Of the 12 Americans who returned, nine were arrested and remain in custody, the report said. Two others are known to law enforcement, but have not been detained, it added. The 12th man went back to Syria a second time and carried out a suicide bombing, the report said.
While no American has returned and carried out an attack, one man, Abdirahman Sheik Mohamud of Ohio, planned to do so.
He was among a small number of Americans to join al-Nusra in Syria, an extremist group linked to al-Qaida. One of his commanders sent him back to Ohio with orders to attack a U.S. military facility.
Mohamud returned to Ohio in 2015, but was soon arrested. He pleaded guilty to plotting the attacks and was sentenced last month to 22 years in prison.
It’s still not clear what’s happened to thousands of other ISIS fighters as the group lost its self-declared caliphate.
Hard-core fighters are expected to remain and keep fighting. Others may be slipping across the border into Turkey. And some have been detained, though the U.S. has given no indication it is holding ISIS fighters.
In Iraq, the government is putting ISIS members on trial.
In Syria, where the war grinds on, it’s more complicated. The Syrian Democratic Forces, militia fighters aligned with the U.S., are holding hundreds of ISIS fighters, according to U.S. military officials.
Greg Myre is a national security correspondent. Follow him @gregmyre1.
Justin Timberlake performs during the Super Bowl LII halftime show on Feb. 4, 2018.
Christopher Polk/Getty Images
Christopher Polk/Getty Images
Justin Timberlake has had an eventful week: He turned 37 on Wednesday, dropped a new album Friday and danced his shoes off Sunday as part of football’s biggest night. The reception to the latter two has been mixed: Man of the Woods is shaping up to be his worst-reviewed solo work by a mile, and his Super Bowl performance unfolded in the long shadow of his 2004 performance with Janet Jackson, when half a second of exposed flesh sparked a major TV controversy and arguably derailed Jackson’s career.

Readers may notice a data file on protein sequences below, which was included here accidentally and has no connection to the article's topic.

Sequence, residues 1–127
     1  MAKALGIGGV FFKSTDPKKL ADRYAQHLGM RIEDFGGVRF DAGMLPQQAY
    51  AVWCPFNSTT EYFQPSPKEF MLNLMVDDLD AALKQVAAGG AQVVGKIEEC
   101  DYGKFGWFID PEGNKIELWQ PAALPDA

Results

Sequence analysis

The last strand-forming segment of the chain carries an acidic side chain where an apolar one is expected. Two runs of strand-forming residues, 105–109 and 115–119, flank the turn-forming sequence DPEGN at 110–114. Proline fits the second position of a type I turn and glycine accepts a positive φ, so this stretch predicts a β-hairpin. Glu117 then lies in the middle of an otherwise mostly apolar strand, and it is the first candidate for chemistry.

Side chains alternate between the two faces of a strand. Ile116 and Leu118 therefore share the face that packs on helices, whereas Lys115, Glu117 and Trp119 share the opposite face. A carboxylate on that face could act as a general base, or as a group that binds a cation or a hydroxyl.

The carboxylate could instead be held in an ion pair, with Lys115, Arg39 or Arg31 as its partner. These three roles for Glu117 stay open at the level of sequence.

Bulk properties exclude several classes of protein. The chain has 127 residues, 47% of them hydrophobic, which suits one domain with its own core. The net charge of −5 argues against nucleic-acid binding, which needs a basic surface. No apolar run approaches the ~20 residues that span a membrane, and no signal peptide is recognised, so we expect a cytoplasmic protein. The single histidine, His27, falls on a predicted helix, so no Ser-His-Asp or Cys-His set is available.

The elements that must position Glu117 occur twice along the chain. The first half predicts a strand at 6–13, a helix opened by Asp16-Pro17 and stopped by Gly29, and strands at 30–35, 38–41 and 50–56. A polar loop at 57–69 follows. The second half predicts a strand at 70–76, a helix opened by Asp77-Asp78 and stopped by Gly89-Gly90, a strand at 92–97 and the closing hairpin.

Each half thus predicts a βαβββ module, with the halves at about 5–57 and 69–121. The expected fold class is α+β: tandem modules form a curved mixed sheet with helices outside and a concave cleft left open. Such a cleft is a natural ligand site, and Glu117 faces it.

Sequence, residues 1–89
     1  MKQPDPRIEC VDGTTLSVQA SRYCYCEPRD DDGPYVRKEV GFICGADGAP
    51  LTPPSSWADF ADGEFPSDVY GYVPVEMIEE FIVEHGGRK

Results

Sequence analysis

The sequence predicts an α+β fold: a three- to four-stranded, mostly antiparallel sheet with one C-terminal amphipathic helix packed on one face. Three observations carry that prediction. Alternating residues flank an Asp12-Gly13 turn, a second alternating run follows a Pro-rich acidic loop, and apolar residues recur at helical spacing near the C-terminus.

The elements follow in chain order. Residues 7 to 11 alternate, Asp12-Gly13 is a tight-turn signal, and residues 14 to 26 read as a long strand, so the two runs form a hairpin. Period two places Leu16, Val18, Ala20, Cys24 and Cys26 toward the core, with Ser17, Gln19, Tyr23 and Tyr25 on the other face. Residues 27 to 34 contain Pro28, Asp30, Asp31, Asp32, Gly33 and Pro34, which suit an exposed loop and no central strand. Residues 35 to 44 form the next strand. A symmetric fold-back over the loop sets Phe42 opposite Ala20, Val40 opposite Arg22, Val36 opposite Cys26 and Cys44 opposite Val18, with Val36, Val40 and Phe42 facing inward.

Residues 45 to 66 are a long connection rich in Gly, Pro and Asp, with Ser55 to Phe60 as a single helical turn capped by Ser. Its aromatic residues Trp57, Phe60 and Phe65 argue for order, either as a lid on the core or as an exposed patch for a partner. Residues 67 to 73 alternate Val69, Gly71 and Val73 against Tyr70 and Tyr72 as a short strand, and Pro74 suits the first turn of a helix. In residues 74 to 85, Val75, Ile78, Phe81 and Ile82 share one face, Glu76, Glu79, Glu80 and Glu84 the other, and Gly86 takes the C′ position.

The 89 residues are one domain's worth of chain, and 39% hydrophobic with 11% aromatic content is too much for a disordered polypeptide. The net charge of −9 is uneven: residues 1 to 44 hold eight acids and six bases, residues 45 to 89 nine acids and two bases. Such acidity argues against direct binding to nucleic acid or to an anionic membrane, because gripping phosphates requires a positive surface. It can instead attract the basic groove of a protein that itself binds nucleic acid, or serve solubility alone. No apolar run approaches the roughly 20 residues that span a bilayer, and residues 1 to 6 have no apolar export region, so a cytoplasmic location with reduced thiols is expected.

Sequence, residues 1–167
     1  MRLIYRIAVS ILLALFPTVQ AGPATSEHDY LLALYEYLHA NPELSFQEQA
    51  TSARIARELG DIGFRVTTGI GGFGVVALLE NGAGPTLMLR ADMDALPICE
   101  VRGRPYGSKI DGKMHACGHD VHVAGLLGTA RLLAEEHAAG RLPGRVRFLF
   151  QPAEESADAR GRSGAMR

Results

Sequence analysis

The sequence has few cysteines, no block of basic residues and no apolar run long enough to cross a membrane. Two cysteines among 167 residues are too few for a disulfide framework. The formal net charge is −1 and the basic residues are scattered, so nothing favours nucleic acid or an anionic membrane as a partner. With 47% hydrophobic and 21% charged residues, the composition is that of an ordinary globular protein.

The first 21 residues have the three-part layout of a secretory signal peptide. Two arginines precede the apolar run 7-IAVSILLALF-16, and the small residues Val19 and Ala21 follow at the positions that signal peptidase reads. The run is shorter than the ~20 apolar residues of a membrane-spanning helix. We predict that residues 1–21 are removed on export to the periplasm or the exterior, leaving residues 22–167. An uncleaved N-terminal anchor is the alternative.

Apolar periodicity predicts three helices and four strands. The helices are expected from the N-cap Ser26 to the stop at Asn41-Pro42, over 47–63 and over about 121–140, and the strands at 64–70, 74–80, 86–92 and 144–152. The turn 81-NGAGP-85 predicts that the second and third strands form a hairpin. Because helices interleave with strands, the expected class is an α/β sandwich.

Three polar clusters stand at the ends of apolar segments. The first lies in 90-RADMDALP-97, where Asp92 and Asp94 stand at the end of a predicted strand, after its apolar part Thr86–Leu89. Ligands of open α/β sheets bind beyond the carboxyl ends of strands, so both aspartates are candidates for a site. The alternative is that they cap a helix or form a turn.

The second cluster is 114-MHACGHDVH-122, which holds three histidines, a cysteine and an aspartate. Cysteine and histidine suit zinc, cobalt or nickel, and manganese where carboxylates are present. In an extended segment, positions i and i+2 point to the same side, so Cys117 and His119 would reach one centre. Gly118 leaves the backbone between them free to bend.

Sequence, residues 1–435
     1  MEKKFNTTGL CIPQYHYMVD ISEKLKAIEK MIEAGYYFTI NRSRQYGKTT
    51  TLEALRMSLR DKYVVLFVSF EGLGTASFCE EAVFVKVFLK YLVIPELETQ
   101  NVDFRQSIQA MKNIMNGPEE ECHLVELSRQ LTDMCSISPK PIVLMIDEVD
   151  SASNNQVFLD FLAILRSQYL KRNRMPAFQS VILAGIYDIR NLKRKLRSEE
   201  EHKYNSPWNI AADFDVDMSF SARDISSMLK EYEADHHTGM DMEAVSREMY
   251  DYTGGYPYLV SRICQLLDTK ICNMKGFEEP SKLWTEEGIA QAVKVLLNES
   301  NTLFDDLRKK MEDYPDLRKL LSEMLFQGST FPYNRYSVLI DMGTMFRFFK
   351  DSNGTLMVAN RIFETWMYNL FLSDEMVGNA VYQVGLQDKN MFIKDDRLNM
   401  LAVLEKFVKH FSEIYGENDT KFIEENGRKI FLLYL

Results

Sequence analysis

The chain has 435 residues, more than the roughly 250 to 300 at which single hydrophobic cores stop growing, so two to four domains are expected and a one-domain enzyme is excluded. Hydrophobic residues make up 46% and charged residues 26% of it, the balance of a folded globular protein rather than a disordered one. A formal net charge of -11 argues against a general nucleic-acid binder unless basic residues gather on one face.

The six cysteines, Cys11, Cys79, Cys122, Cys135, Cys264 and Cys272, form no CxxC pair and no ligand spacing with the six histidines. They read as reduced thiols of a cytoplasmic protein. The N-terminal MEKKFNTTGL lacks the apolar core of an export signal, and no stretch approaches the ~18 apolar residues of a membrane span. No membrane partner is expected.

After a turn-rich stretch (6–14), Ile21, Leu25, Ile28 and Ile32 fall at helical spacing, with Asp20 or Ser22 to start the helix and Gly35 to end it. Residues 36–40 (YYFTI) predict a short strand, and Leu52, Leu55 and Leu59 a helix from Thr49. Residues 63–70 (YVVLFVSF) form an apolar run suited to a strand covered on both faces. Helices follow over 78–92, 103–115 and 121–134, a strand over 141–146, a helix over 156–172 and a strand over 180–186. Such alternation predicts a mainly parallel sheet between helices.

Ari Shapiro spoke with NPR Music critic Ann Powers about why Timberlake, who once rocketed out of the teenybopper world to become a standard bearer of futuristic pop, now seems so out of step with his moment. Hear the radio version at the audio link and read more of their conversation below.
Ari Shapiro: This is not the first time Justin Timberlake has done the Super Bowl halftime show — of course, his 2004 performance with Janet Jackson was overshadowed by that notorious wardrobe malfunction. No glaring errors this year; what did you think of the performance?
AnnPowers: Well, on the surface it was a success: He played many of his hits, he danced, he sang. He even invoked Prince, the patron saint of Minneapolis, when he sang along with him while Prince’s image was projected on a giant, billowing sheet. But the entire performance was shrouded in the sense of Timberlake not being right for this moment — and the Janet Jackson controversy haunted it. He chose to perform the song “Rock Your Body,” during which the famous wardrobe malfunction took place, and yet he didn’t mention Janet: He didn’t shout her out, and he stopped the song right before the line during which he ripped off her costume. It was almost like he was trying to erase what had happened in the past, but that is just not flying in 2018.
You say “not right for this moment.” Explain what you mean by that.